Don’t Be A Discourager

Bill Brinkworth

Moses and the tribes of Israel left their bondage in Egypt and were headed for a land God had promised them west of the Jordan River.  They were all to cross the river, and before they claimed their new properties, they would have to fight the enemies there.

However, before they reached the promised land, two of the tribes, Gad and Reuben, traveled through a land they really wanted.  It met the needs of their many flocks and appealed to them.  They wanted to go no further and occupy the land they were in.

They went to their leader, Moses, and asked if they could have the lands of Jazer and Gilead, rather than what was on the other side of the river (Num. 32:1-4). Wisely, Moses advised against it, as he knew doing it would discourage others.
“And Moses said unto the children of Gad and to the children of Reuben, Shall your brethren go to war, and shall ye sit here? 7 And wherefore discourage ye the heart of the children of Israel from going over into the land which the LORD hath given them?” Num. 32:6-7

Moses recited another instance where God’s people were discouraged because of the actions of others.  He reminded them of the impact the discouraging report of ten faithless and hopeless spies caused among Israel.  Moses also recapped how their dissuasion of others angered God and brought on serious repercussions to His people (Num. 32:8-13).

The two tribes realized what harm their lack of helping the others would cause. They made a commitment, and kept their promise, to keep the land but support the others by faithfully joining them in battle.  They committed themselves not to take possession of the land until the others had theirs.

Like the Gadites and Reubenites, our words, actions, or lack of actions can also discourage  others: Christian and non-Christian alike.  Our words, although many times meant to be helpful, can discourage others, from serving the Lord.  “Why so-and-so says I’m doing a lousy job teaching my Sunday school class, so I’ll just quit,” or “Well, if they don’t like how I dress, I’ll just stop going to church, or find one that lets me come as I want” and many other  “suggestions” discourage more than we would like to know.

When the preacher is away on vacation and folks stay home because “Deacon So-and-so is going to preach today that deacon, who may have put a lot of effort into preparing for the sermon, will be greatly discouraged when attendance is low.  The preacher will be very discouraged when only he shows up for church-wide visitation.   Mid-week church service’s drop in attendance may have the faithful few, that do attend, wondering if they should continue going to church on that evening.

There is a time to stand up for what is right, and speak out against wrong.  Many times situations have to be corrected.  Sometimes people do not know a better way unless someone shows them differently.  No one likes correction, but we all need it from time to time.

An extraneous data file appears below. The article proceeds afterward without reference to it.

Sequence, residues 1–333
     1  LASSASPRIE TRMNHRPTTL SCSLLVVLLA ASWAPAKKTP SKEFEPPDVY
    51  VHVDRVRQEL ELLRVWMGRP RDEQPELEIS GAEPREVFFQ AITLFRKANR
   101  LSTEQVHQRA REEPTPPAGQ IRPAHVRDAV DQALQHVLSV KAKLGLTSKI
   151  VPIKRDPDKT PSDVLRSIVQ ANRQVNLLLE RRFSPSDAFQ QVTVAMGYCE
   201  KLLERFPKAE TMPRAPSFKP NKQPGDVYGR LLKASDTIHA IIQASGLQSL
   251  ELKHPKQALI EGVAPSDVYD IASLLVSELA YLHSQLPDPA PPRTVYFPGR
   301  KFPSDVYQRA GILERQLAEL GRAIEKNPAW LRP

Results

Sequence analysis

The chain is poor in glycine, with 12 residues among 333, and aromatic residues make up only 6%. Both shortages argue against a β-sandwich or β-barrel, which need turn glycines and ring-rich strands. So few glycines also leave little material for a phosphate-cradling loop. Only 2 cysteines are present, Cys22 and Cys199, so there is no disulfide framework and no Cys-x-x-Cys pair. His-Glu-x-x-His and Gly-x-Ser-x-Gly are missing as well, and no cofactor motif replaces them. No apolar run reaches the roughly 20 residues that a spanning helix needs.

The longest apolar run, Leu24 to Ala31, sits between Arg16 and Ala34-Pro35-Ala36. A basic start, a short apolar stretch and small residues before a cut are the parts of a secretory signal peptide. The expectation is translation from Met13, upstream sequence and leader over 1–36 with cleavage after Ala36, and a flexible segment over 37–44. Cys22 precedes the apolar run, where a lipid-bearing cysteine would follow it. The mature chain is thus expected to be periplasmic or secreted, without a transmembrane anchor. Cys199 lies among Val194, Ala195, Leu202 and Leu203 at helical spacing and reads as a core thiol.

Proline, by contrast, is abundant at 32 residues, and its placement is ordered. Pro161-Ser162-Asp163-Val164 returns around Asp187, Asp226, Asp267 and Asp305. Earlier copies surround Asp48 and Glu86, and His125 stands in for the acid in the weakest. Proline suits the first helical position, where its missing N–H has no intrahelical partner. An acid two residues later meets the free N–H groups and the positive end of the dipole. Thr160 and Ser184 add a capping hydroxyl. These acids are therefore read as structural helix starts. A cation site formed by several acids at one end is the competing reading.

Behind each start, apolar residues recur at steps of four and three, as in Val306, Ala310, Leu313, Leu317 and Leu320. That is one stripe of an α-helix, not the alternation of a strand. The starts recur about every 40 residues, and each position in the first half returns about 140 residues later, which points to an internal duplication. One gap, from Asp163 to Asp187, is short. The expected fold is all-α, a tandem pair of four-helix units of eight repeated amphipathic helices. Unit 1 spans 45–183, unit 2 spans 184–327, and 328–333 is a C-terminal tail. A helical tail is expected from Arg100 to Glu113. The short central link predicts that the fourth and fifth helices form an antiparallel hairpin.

However, some of us do correcting far more often than we should, and never realize the discouragement we cause to others that are trying to live and do right. We need to be led by God’s Spirit when to say something to others, rather than our own critical spirit. Many times it is not even our position to correct others.  Usually, it is the Holy Spirit that should be doing the correcting and not us!

To know when and when not to correct someone or a situation is not an easy task.  Our worldly flesh wants to do it too often.  It takes great discernment to know when to speak out.  Pray first!  Ask the Lord’s guidance in direction in what to say, or if one should even say anything. Ask Him to give the right opportunity if you are to say something about a situation. We can have more liberty if the Holy Spirit is behind the advice giving, then if we do it in our own strength.

Realize that others have feelings also.  Kindness and gentleness certainly get more positive results than our own bluntness.  Think how you would react if you were approached the way you are considering addressing a situation.

Also, realize that participation or lack of it in social events, particularly in church situations, can affect others. Getting our minds and thoughts off our own desires, and considering others reactions, may also help us not be detrimental to others.  Our goal should be to encourage others to live, and do as the Lord desires, not to hinder anyone from doing His will.  Other’s needs and their reactions should be of a higher concern to us than we often make them.

Living for the Lord and wanting to do right are often difficult in the world in which we live. Encouragement to do so is very limited. All need encouragement to do right.  It is pleasing to the Lord when we encourage others!  Are your actions an encouragement to others around you, even in your church, or are they a discouragement hampering the work of the Lord?


When God is your reason to live, you'll never have a reason to quit.

— Author Unknown

The article appeared in The Bible View #544.

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